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Authors:Robert Busa-Fekete, Krzysztof Dembczynski, Alexander Golovnev, Kalina Jasinska, Mikhail Kuznetsov, Maxim Sviridenko, Chao Xu

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Abstract:Label tree-based algorithms are widely used to tackle multi-class and multi-label problems with a large number of labels. We focus on a particular subclass of these algorithms that use probabilistic classifiers in the tree nodes. Examples of such algorithms are hierarchical softmax (HSM), designed for multi-class classification, and probabilistic label trees (PLTs) that generalize HSM to multi-label problems. If the tree structure is given, learning of PLT can be solved with provable regret guaranties [Wydmuch et.al. 2018]. However, to find a tree structure that results in a PLT with a low training and prediction computational costs as well as low statistical error seems to be a very challenging problem, not well-understood yet. In this paper, we address the problem of finding a tree structure that has low computational cost. First, we show that finding a tree with optimal training cost is NP-complete, nevertheless there are some tractable special cases with either perfect approximation or exact solution that can be obtained in linear time in terms of the number of labels $m$. For the general case, we obtain $O(\log m)$ approximation in linear time too. Moreover, we prove an upper bound on the expected prediction cost expressed in terms of the expected training cost. We also show that under additional assumptions the prediction cost of a PLT is $O(\log m)$.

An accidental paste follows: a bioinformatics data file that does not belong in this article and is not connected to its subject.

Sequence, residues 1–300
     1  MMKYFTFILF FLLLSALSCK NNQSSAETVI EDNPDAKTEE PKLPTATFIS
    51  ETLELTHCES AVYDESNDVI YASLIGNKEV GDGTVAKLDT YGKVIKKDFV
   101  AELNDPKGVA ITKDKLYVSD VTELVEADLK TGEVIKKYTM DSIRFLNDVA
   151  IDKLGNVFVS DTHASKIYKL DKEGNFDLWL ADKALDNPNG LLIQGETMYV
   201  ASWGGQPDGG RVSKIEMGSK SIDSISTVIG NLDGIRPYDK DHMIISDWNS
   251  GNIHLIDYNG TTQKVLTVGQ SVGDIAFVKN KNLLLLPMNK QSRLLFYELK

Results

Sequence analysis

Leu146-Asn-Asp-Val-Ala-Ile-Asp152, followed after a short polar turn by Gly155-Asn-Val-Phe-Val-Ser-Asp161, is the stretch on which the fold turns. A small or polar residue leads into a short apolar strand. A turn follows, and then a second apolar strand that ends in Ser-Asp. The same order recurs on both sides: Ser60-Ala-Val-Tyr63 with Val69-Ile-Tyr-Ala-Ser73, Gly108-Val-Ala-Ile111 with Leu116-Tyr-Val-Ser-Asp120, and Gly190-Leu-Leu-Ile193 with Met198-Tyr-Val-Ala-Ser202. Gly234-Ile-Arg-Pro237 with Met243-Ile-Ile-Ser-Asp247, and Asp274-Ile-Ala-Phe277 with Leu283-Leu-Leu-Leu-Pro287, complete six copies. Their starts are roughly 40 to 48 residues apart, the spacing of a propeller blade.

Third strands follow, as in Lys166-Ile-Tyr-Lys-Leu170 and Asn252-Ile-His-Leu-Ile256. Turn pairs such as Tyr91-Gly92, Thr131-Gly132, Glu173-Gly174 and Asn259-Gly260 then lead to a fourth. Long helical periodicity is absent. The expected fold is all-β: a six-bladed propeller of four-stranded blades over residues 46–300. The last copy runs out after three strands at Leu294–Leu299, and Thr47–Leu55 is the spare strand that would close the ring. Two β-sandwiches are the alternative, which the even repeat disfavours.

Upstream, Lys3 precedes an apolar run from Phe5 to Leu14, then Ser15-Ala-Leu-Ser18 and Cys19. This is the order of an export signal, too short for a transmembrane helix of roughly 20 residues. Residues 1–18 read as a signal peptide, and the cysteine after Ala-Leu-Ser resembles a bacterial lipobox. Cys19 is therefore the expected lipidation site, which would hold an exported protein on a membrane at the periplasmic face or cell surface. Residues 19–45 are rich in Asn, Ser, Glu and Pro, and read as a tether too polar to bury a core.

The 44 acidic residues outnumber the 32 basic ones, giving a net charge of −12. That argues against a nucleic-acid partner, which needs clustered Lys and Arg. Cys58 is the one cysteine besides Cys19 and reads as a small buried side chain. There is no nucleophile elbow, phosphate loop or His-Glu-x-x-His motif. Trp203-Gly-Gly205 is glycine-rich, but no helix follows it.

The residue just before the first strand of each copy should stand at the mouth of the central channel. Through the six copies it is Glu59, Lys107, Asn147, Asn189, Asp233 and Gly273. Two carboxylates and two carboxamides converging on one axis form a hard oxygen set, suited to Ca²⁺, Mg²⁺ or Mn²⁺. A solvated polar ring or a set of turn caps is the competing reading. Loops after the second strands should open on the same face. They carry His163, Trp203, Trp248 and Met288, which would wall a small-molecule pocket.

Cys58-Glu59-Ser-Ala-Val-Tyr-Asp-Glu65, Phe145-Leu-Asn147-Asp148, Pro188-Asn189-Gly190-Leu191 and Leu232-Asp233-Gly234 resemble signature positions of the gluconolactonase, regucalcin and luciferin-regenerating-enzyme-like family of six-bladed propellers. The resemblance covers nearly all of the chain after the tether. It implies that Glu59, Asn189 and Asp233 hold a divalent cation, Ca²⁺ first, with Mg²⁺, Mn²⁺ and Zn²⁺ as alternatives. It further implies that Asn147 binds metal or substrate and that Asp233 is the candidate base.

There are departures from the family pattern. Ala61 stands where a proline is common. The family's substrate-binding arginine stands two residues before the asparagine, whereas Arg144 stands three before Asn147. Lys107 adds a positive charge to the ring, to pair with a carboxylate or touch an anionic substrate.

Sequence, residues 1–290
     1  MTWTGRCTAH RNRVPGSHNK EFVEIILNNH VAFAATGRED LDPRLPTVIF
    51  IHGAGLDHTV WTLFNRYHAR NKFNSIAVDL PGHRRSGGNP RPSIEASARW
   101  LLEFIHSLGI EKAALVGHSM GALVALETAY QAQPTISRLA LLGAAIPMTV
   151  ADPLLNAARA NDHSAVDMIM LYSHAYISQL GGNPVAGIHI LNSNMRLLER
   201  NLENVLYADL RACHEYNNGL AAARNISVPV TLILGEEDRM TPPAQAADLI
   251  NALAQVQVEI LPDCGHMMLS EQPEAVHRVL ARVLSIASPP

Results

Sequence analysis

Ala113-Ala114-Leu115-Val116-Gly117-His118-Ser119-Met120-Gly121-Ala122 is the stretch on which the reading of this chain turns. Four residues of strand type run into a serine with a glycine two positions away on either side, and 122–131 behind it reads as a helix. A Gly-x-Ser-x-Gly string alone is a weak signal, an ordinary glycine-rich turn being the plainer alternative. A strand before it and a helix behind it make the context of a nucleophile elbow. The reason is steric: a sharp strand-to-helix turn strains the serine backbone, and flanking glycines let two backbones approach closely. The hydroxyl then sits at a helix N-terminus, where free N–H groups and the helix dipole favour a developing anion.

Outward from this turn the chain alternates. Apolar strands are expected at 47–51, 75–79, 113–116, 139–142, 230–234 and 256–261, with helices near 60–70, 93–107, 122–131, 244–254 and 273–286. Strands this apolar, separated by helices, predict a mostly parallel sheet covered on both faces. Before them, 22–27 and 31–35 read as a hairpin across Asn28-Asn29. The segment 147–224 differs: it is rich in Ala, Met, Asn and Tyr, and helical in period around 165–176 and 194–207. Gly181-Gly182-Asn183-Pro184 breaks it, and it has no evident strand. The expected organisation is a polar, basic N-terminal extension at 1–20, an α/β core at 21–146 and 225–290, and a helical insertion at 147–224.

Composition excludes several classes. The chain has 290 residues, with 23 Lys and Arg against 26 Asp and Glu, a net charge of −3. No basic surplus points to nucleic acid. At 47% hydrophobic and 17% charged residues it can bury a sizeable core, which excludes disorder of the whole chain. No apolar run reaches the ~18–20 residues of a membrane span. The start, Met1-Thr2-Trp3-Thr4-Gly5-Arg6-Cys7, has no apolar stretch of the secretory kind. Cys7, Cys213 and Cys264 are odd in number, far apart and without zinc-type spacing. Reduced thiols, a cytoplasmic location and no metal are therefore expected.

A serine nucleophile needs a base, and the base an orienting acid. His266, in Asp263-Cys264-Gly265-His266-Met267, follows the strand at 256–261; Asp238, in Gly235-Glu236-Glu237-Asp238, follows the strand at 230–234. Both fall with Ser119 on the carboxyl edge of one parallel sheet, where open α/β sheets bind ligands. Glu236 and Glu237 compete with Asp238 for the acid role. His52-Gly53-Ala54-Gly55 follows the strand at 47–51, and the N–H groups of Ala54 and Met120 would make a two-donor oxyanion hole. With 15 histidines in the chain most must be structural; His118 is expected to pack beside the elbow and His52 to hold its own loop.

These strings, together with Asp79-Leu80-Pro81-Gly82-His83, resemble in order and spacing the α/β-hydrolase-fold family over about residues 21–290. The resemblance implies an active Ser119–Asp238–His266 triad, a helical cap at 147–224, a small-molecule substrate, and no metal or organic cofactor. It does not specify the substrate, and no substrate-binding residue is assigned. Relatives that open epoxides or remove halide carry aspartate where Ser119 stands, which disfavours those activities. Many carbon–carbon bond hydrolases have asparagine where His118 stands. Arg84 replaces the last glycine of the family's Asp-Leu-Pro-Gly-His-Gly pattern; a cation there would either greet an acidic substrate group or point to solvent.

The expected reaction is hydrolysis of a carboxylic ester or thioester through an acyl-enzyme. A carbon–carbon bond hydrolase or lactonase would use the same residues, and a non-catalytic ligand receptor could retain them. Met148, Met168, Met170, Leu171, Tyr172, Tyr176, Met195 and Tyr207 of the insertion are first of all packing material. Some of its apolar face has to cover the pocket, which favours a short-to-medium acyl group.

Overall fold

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Abstract:This paper shows that one can be competitive with the k-means objective while operating online. In this model, the algorithm receives vectors v_1,...,v_n one by one in an arbitrary order. For each vector the algorithm outputs a cluster identifier before receiving the next one. Our online algorithm generates ~O(k) clusters whose k-means cost is ~O(W*). Here, W* is the optimal k-means cost using k clusters and ~O suppresses poly-logarithmic factors. We also show that, experimentally, it is not much worse than k-means++ while operating in a strictly more constrained computational model.